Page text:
Music: Francisco J. Lomuto – Lyrics: Adolfo Herschell

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Lomuto, composed his first tango when he was 13 – “El 606”, alluding to a medicine called Salvarsán, was prescribed for the treatment of venereal diseases. It was warmly welcome, which encouraged him to compose other ones, which quickly were committed to records: El inquieto and La rezongona. But the boom was “Muñequita”, with lyrics by Adolfo Herschel, which was premiered at theater by the actress María Luisa Notar in 1918. It was also the first work of his that Gardel recorded.


As it is frequently the case in tango, several versions of the lyrics exist. While all talk about lost love and the pain of being abandoned, some tell the story of a woman leaving her lover behind, whilst the version below talks about a man abandoning his lover after giving her love, money and attention. This is tango giving a voice to women and was probably the version sung by María Luisa Notar.

Muñequita has been translated by Tanguito, Argentine Tango Academy in London. If you have any comment or have other interpretations of the lyrics, please feel free to share your opinion, we’d love to hear what you think. 🙂

Nathalie, Tanguito

The music

The lyrics

Donde estará…
Mi amor, que no puedo hallarlo.
Yo no hago más que buscarlo
porque sin el ya no es vida;

probé la fruta prohibida
probé el encanto de amarlo.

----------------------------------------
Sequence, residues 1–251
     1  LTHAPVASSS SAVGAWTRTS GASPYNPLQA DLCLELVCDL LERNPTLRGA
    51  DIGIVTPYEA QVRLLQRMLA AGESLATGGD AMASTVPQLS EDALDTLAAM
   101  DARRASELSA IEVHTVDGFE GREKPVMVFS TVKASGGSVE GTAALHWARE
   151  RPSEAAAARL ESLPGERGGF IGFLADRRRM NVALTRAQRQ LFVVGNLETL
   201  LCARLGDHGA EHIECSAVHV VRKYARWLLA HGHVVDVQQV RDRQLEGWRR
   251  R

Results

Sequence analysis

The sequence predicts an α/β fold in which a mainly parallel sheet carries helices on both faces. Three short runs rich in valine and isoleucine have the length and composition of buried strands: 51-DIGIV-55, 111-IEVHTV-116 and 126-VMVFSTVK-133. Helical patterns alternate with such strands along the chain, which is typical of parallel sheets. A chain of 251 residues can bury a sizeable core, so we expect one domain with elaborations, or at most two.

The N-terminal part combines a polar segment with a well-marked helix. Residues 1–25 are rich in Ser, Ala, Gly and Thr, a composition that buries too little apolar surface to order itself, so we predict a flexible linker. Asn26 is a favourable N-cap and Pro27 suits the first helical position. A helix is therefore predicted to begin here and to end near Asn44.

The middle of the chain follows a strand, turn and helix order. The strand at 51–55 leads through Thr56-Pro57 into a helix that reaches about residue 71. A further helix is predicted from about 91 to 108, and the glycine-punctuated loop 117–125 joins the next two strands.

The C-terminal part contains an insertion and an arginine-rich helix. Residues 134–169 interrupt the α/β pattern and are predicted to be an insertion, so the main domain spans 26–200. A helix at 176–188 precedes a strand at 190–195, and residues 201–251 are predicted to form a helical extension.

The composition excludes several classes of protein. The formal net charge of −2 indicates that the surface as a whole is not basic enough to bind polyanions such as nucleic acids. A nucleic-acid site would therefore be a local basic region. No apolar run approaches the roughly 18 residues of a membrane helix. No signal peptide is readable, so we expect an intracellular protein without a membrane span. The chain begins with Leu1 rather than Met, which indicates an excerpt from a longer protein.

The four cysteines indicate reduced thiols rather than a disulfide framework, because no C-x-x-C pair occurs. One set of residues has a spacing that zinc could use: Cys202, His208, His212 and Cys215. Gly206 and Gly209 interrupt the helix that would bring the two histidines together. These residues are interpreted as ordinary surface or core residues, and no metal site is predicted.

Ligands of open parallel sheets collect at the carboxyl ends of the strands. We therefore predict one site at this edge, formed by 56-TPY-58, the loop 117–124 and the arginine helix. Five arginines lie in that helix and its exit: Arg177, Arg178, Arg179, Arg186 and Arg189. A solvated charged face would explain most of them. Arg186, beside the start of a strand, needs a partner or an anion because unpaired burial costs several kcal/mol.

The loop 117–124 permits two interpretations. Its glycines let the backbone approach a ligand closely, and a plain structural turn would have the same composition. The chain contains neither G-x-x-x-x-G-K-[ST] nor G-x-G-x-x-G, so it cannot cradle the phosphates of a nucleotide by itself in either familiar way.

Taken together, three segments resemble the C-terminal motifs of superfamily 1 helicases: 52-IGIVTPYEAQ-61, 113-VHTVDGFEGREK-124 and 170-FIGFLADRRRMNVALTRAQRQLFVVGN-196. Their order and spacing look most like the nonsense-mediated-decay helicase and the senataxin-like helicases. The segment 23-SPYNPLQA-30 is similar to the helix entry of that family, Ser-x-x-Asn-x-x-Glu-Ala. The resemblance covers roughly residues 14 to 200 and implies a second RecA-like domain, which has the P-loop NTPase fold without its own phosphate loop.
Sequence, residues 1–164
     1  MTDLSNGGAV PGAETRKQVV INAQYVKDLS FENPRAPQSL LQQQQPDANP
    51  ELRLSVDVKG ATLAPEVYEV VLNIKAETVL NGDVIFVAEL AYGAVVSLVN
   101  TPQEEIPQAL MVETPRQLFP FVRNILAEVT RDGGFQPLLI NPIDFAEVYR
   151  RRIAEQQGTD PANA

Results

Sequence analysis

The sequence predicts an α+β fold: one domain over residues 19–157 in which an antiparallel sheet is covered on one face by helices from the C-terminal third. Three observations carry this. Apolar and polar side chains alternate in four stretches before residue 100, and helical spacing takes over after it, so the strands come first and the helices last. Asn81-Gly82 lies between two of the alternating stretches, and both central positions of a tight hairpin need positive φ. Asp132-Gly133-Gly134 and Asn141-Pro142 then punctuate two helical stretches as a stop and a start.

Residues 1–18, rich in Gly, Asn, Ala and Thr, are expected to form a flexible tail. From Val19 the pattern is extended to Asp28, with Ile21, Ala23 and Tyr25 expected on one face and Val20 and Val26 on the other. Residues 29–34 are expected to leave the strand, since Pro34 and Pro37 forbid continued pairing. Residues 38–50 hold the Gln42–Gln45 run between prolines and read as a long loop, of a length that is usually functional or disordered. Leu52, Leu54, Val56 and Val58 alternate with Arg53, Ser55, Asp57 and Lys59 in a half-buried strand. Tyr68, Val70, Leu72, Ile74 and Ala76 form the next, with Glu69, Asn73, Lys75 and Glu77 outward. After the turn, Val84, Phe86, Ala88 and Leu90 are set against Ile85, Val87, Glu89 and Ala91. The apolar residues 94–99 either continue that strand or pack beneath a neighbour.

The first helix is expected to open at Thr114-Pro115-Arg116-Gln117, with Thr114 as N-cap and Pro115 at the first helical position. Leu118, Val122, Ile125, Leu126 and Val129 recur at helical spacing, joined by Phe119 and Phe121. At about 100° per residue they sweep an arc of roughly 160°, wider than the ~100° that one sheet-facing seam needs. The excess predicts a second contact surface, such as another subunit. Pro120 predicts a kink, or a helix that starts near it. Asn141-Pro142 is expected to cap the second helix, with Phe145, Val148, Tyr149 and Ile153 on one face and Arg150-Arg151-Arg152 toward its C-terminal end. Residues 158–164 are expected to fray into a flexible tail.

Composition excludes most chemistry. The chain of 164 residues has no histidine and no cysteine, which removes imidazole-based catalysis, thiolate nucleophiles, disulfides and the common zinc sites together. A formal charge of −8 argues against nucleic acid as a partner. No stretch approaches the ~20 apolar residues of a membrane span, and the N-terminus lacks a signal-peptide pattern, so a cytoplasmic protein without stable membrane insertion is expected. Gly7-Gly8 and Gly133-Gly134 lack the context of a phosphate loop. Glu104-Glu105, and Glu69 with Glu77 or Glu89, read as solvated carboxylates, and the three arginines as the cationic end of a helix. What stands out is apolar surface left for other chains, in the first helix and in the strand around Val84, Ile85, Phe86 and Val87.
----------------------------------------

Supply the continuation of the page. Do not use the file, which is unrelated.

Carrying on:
Donde estará…
Mi amor, que no puedo hallarlo.

Me acuerdo, que por Florida
paseaba en su voiturette,
y siempre andaba vestido
por Paquin o por Georgette.

Hasta me tenía carruaje,
lancha en el Tigre y un Ford,
garçonnière en el Pasaje
con todo lujo y confort.

Me tenían muy mimada
por lo elegante y bonita;
por eso la muchachada
me llamaba “muñequita”.

Daba gusto ver mi mesa,
con flores, marron glace;
todo era alegría y riqueza,
y correr champagne frappe.

Todo acabo…
Para mí cuando él se fue.
Ya no voy a tomar té
en lo de Harrod’s como antes;
no uso alhajas ni brillantes
que en otro tiempo lleve.
Todo acabo…
Para mí, cuando él se fue.

Diganle de parte mía
si lo llegaran a ver
que no haga esa felonia
con una pobre mujer.
Que hasta el cachorro ovejero
no quiere probar bocado
y que ya se ha muerto el jilguero
en su jaula abandonado.

Si voy al piano a tocar
para disipar mi splin
vi mi llanto a acompañar
los “Millones de Arlequin”.

Que ya no quiero carruaje
ni lujo, lancha ni Ford,
ni pasear, ni cambiar trajes,
que solo quiero su amor.

I wonder where is…
my love, I can’t find him.
I can’t stop looking for him,
because without him, it’s not a life anymore;
I tasted the forbidden fruit,
I tasted the spell of loving him.
I wonder where is…
my love, I can’t find him.

I remember, on Florida avenue,
he usually drove by in his small car,
always dressed
in Paquin or Georgette.

Even I had a carriage,
a small boat on the river Tigre and a Ford,
a love nest in the alleyway,
with all luxury and comfort.

I was kept very spoiled,
with all things elegant and beautiful;
and the youth
called me ‘little doll’.

It was something to see my table:
flowers, marron glaces sweets;
everything was happiness and wealth,
and champagne frappe was flowing.

Everything ended…
for me, when he left.
I don’t go anymore to have tea
in Harrod’s like before;
I don’t use the jewels and diamonds
that in other times I wore.
Everything ended…
for me, when he left.

Tell him from my part
if you manage to see him…
That he can’t commit such a felony
to a poor woman.
That even the sheepdog puppy
won’t have a bite
and that the goldfinch has died
abandoned in its cage.

If I go to the piano to play
and disperse my Spleen,
my sobbing accompanies
the ‘Thousand harlequins’*.

That I don’t want carriages any more,
or luxury, or a boat, or a Ford,
or to go for walk, or to change clothes.
That I only want his love.

* A thousand harlequins (I Milioni di Arlecchino) is a ballet written by the composer Riccardo Drigo (1846-1930)